Here's the deal: keep them and we will send you a 850 quadrillions USD in ten years.

Sofa King's picture

Yea, get back on that medication of yours.

ZeroPower's picture

Fx in the EUR - selling the news

Mongo's picture

The farce is strong with this one...

TaxSlave's picture

What a beautiful outfit the Emporer has!!

Atomizer's picture


IMF Note on Global Economic Prospects and Policy Challenges.

  • The risks of not resolving the Greek crisis are severe. A greater sense of urgency is needed to address the crisis and reduce the risks of contagion.
  • Progress on financial sector repair and reform has been too slow, and policy initiatives are urgently needed to make financial systems resilient to new systemic shocks.
  • Advanced G-20 economies need to put in place credible medium-term fiscal consolidation that balances short-run growth fragility with fiscal sustainability. Monetary policy should support fiscal adjustment and stay accommodative where there is economic slack.
  • In emerging G-20 economies, more rapid macroeconomic policy tightening and demand rebalancing is needed in some cases. Pragmatic use of macroprudential tools may be needed to manage large capital inflows.


    YesWeKahn's picture

    If this is not stressful, why call it a stress test?

    Lets call it comfort test.

    firstdivision's picture

    Well that was easy to show the problem, per the report above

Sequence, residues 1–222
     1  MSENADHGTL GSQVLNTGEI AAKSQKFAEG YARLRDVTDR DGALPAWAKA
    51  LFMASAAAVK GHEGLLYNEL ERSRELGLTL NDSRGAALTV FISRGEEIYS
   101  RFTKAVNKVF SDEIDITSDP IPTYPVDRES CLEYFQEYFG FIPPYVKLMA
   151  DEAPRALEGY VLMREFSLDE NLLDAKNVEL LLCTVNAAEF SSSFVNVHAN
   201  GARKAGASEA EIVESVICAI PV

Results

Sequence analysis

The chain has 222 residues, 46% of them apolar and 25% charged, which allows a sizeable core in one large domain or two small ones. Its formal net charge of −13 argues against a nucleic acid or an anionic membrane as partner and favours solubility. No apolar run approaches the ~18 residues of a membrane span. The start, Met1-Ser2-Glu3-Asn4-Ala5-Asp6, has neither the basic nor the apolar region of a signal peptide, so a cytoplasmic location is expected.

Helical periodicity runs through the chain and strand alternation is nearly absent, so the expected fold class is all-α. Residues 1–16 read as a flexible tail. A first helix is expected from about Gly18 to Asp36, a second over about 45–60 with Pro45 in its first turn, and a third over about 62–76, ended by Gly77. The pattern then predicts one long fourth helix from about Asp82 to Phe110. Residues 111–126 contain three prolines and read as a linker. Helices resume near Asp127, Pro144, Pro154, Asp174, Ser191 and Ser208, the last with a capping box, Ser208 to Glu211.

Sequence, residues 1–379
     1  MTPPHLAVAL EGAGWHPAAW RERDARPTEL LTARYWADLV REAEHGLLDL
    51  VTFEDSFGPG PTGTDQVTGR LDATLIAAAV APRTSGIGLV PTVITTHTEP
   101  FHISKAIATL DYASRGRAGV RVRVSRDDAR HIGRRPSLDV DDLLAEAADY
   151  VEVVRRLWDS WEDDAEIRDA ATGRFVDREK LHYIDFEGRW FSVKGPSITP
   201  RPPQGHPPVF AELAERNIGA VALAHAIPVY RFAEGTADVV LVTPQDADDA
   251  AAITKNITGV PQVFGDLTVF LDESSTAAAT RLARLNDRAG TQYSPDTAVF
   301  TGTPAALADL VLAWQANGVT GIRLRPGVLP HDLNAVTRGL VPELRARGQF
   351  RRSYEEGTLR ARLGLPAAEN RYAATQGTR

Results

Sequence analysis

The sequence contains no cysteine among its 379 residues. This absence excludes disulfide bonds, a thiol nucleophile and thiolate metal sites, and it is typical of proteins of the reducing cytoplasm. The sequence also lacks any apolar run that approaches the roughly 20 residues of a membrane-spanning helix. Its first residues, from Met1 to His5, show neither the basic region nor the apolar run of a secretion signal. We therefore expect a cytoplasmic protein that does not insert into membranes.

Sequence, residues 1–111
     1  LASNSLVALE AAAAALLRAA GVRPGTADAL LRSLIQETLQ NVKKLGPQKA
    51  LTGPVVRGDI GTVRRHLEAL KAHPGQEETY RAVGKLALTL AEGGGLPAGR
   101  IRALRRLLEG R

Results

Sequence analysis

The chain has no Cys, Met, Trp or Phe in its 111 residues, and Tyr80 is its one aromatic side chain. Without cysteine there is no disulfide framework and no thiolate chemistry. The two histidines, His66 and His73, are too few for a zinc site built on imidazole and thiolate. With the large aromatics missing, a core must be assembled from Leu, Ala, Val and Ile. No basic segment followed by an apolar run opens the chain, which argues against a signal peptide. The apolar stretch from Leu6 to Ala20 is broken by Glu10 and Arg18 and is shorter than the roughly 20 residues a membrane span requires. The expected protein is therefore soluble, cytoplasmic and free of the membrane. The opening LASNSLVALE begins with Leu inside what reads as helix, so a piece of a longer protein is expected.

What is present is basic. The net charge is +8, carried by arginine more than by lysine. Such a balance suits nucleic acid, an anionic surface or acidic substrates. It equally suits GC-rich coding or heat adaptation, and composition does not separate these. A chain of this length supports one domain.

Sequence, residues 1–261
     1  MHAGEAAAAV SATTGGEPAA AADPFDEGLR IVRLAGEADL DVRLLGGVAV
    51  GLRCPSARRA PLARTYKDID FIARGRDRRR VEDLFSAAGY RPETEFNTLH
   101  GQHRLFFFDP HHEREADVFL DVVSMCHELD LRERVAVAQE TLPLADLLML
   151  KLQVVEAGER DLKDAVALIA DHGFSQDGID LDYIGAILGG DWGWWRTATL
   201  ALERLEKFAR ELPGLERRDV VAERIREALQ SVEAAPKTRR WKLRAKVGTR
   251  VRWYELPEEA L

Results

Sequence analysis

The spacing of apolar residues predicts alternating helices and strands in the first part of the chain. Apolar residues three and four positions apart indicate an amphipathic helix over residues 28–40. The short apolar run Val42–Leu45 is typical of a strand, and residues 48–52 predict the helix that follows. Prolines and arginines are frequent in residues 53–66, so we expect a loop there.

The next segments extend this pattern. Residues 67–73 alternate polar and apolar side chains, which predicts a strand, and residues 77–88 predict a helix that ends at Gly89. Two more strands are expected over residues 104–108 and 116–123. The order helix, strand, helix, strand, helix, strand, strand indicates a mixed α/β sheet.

The scenario includes a sovereign stress,with haircuts applied to sovereign and bank exposures


    Since when did anyone have to take a haircut?

    gwar5's picture

    Reggie Middleton's suggestion that these stress tests will prime the Old World for a first ever pan-Euro bank run may be correct. A slow motion bank run is happening anyway.

    Marge N. Callz's picture

    It's all candy canes and rainbows. Time to saddle up the unicorn and ride the wave of euphoria.

    Almost Solvent's picture

    Nice username.

    Hugh Jazz
    Mike Hunt
    Mike Hock
    Anita Blochob
    Iwe Toddid

    SamuelMaverick's picture

    Don't forget the sunshine, flowers, sparkling spring water , and the girls dancing in the grassy fields with a soft gentle breeze blowing up their skirts. I cant believe that the shit is hitting the fan all at the exact same time in Europe and in the US.

    carbonmutant's picture

    Fortunately the tests takers didn't account for what might happen if  Greece  or another Euro-zone country defaults on its debts.

    RobotTrader's picture

    Why aren't European stocks lock limit down?

    Quintus's picture

    Because it's Friday evening and the exchanges are all closed?

    Ghordius's picture

    News that could "distort" the markets in Europe are usually given after the exchanges are closed.

    carbonmutant's picture

    Mild Cognitive Impairment...

    The Axe's picture

    ALL the irish banks passed the first stress test....joke...Robot....please....get a fucking grip....Not one bank in Portugal fucking kidding me....

    The Axe's picture

    ALL the irish banks passed the first stress test....joke...Robot....please....get a fucking grip....Not one bank in Portugal fucking kidding me....

    Dr. Engali's picture

    I don't need a test to tell me I'm under stress.

    LaLiLuLeLo's picture

    rating absolute shit AAA. Now that's credibilty

    equity_momo's picture

    So hands up  who wants to buy into the 2.5bil Euro of rights issues coming out of BK EZ banks?  How tempting!

    lieutenantjohnchard's picture

    indeed, the stress tests are farce. glad i ramped up with bullion purchases of silver and gold on the pull back and retrace. helps sleep easier at night.

    carbonmutant's picture

    So much for the stress test rally.

    speconomist's picture

    Unnim, Caja3, Banco Pastor, CatalunyaCaixa and CAM (yes, as in cam) were the Spanish banks and saving banks which failed the stress tests.


    Edit: Seems that Tyler edited the post already with all the info.